or: Where I Come Up With A Really Pretentious Sounding Title That Actually Somewhat Contradicts The Content Of The Post
So there’s a book I wanted to read. I’m not sure why, because it’s not that great a book. I think I wanted to study the magic system a bit, but now that I’m reading it, the whole magic system is just kind of… magic… The rest of the book contains many things I feel like I can learn from though, so probably still worth it… except that…
I am a cheap ass bastard and didn’t want to shell out $5.99 for (the Kindle version of) a book that I wasn’t really sure I was going to like in the first place (turns out to be a great decision in this case). But the problem with being a cheap ass bastard is that I get books from the library. Now, the library, for it’s part, has done a wonderful, remarkable job of making books available in electronic forms (both eBooks and audio downloads). This particular book, however, was not available in any electronic forms. Just paper.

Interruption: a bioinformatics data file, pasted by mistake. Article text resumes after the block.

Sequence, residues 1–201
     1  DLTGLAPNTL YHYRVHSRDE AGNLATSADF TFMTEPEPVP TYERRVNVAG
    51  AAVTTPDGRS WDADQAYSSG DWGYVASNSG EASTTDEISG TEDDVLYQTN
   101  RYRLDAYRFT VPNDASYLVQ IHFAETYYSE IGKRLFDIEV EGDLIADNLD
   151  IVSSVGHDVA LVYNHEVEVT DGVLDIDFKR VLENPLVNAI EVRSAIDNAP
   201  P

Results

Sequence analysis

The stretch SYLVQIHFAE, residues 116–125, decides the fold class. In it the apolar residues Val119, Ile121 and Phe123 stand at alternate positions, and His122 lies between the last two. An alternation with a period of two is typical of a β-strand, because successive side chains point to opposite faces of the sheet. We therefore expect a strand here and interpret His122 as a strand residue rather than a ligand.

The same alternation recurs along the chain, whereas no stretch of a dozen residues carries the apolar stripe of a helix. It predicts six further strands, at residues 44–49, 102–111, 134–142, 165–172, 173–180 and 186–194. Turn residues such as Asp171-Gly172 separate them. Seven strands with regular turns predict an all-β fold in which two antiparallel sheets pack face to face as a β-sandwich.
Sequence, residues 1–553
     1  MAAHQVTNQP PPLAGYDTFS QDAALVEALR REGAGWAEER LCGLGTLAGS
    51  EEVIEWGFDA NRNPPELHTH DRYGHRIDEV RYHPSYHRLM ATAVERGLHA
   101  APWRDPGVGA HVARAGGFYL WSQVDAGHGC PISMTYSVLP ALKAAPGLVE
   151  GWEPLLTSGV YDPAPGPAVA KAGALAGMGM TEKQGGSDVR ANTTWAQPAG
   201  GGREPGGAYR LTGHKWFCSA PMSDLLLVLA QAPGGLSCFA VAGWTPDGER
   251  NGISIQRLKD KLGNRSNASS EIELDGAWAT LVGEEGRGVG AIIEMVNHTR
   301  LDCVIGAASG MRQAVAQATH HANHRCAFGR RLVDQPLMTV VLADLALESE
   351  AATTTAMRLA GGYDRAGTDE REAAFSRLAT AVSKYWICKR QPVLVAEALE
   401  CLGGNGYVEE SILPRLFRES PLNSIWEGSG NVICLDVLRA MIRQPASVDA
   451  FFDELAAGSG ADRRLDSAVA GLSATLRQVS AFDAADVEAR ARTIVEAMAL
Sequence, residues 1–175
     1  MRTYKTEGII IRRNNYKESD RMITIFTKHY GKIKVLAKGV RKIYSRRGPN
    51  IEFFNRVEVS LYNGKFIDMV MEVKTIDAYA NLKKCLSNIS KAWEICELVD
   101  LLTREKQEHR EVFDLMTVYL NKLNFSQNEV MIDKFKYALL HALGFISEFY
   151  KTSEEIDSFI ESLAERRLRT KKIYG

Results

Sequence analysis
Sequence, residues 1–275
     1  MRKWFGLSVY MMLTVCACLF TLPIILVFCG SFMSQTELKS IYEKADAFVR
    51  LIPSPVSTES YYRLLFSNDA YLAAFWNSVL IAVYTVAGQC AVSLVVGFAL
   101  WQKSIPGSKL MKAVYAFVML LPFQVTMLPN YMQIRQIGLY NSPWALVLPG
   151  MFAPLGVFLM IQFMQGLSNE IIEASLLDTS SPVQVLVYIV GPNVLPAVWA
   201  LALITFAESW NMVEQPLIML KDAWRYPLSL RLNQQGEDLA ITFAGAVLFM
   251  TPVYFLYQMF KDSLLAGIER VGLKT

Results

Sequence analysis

In order to read this book while waiting for something or someone, I have to carry it around with me. I can’t just take out my phone and load up my Kindle (or other eReading) app and have it sync my location with my iPad and my actual Kindle (soon to be a Kindle Paperwhite). I can’t read it in bed at night (or in the morning since it’s still dark when I wake up in the winter). Soon I’ll have three different ways to read eBooks without any lights.